President Barack Obama delivers a statement Thursday, April 23, 2015, apologizing for a U.S. attack in January that accidentally killed two aid workers held hostage by al Qaeda, American Warren Weinstein and Italian Giovanni Lo Porto. Reuters

American citizen Dr. Warren Weinstein was one of two al Qaeda hostages accidentally killed in January by the U.S. government during a counterterrorism operation, the president said Thursday. Weinstein's widow, Elaine, later released a statement about President Barack Obama's acknowledgment of and apology for the killings.

"On behalf of myself, our two daughters, our son-in-law, and two grandchildren, we are devastated by this news and the knowledge that my husband will never safely return home," the statement read.

Weinstein, along with Italian hostage Giovanni Lo Porto, was killed in an operation near the Afghan-Pakistan border. The Wall Street Journal first reported Thursday morning that the accidental deaths occurred after the Central Intelligence Agency targeted a drone strike on an al Qaeda compound in Pakistan. The CIA conducted extensive surveillance on the compound but was unaware the hostages were held in the area, according to the Journal.

Weinstein was captured Aug. 13, 2011, by the terrorist group at his home in Lahore, where he was working as an economic development adviser on contract with the U.S. Agency for International Development, according to ABC News.

"Warren spent his entire life working to benefit people across the globe and loved the work that he did to make people’s lives better," the statement from Elaine Weinstein read. "In Pakistan, where he was working before he was abducted, he loved and respected the Pakistani people and their culture."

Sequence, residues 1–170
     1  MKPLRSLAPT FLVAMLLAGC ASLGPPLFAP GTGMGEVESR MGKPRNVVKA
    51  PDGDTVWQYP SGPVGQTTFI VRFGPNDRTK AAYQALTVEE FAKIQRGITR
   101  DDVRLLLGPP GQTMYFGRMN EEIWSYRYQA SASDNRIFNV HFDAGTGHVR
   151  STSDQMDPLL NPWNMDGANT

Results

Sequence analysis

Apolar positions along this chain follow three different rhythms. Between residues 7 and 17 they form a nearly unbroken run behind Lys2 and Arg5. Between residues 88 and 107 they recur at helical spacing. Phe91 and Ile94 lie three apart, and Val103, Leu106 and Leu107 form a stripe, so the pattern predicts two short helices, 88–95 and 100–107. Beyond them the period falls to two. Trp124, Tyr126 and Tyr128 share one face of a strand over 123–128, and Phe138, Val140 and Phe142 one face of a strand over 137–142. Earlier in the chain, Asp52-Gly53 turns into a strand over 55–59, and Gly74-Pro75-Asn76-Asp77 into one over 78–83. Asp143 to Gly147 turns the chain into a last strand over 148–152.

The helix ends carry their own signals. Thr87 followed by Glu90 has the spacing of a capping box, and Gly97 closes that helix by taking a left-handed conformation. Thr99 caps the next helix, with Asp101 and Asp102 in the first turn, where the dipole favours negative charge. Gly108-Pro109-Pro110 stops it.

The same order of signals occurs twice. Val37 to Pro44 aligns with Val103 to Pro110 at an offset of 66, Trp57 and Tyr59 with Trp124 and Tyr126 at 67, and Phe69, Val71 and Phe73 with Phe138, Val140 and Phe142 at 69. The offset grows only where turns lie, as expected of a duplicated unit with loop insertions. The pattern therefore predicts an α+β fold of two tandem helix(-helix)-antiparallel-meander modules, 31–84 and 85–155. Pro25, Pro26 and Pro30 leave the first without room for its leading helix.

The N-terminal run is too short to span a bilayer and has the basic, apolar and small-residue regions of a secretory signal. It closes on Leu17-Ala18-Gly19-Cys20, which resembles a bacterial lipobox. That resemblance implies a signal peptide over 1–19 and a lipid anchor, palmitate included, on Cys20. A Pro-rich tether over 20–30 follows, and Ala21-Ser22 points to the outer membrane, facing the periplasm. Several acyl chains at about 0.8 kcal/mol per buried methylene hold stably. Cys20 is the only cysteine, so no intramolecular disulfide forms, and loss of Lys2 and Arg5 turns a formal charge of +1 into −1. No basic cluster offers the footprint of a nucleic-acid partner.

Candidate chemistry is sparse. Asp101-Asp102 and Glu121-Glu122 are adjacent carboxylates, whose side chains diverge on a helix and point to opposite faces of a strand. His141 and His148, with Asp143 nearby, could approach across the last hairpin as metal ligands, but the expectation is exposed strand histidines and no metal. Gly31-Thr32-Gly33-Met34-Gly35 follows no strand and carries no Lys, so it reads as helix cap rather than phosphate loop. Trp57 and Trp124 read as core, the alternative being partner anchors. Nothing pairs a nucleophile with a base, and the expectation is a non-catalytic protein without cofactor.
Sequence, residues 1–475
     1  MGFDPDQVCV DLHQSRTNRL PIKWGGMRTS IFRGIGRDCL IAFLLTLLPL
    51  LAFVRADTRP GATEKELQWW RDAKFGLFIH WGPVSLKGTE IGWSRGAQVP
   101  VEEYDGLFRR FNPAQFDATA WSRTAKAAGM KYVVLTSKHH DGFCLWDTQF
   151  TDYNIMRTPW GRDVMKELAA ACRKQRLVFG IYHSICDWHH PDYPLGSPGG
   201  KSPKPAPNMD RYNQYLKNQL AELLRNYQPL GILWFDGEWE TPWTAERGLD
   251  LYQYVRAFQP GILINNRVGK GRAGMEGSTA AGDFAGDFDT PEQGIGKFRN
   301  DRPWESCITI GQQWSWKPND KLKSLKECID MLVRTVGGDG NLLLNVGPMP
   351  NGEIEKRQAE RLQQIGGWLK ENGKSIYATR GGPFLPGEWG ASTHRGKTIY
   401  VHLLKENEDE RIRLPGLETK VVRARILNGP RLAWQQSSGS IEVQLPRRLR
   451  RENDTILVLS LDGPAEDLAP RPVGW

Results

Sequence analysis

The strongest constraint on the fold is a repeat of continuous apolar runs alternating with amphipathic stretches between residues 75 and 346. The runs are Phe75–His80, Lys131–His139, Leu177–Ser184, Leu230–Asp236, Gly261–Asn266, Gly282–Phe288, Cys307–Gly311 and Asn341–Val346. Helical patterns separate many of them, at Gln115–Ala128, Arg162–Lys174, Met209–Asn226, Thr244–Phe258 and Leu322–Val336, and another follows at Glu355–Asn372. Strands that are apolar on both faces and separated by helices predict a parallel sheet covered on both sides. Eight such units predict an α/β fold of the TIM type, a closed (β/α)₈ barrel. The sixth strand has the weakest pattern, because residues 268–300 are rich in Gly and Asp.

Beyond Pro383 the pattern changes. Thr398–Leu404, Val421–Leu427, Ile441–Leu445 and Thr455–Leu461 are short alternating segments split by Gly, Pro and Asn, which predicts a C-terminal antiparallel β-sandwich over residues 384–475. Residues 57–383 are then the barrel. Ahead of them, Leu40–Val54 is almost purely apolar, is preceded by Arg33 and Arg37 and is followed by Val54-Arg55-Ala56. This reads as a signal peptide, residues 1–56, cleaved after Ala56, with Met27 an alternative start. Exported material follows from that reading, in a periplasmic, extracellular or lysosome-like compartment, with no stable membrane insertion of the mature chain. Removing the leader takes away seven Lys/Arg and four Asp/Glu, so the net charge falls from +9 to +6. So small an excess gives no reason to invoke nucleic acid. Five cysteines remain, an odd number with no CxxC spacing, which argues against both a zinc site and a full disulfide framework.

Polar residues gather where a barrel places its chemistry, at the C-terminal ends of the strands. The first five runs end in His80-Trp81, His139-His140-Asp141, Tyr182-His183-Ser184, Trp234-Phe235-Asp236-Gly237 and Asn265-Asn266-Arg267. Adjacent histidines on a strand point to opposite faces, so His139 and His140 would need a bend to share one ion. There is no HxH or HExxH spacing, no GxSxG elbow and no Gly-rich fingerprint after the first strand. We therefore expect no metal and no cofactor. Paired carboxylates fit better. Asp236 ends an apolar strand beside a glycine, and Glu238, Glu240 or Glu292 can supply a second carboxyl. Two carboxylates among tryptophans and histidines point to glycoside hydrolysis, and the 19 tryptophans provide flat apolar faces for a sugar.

Weinstein, who was then 70 and was reportedly about to leave Pakistan at the time of his kidnapping, was taken by five men who forced their way into his house, overpowering guards before taking him off in a getaway car, the Daily Beast reported.

Weinstein had a house in Rockville, Maryland, where he had lived with Elaine. He spent more than three years in captivity, during which he and his family pleaded for his release. In a 2013 letter -- published by the Washington Post -- written to the media while in captivity, Weinstein described himself as a former college professor at SUNY Oswego, a past Peace Corps volunteer and a consultant interested in human rights. The letter called for action to get his release, asking the media for assistance after his appeals to Obama were unsuccessful.

"I believe that if they negotiate in good faith with my captors I could be released -- hopefully before my time and age end the issue," the letter ended.

The statement from Elaine Weinstein said the family would await the results of an investigation on the facts of Weinstein's death, but also expressed their disappointment.

"We were so hopeful that those in the U.S. and Pakistani governments with the power to take action and secure [Weinstein's] release would have done everything possible to do so and there are no words to do justice to the disappointment and heartbreak we are going through," the statement read.

"But those who took Warren captive over three years ago bear ultimate responsibility," the family added. "I can assure you that he would still be alive and well if they had allowed him to return home after his time abroad working to help the people of Pakistan."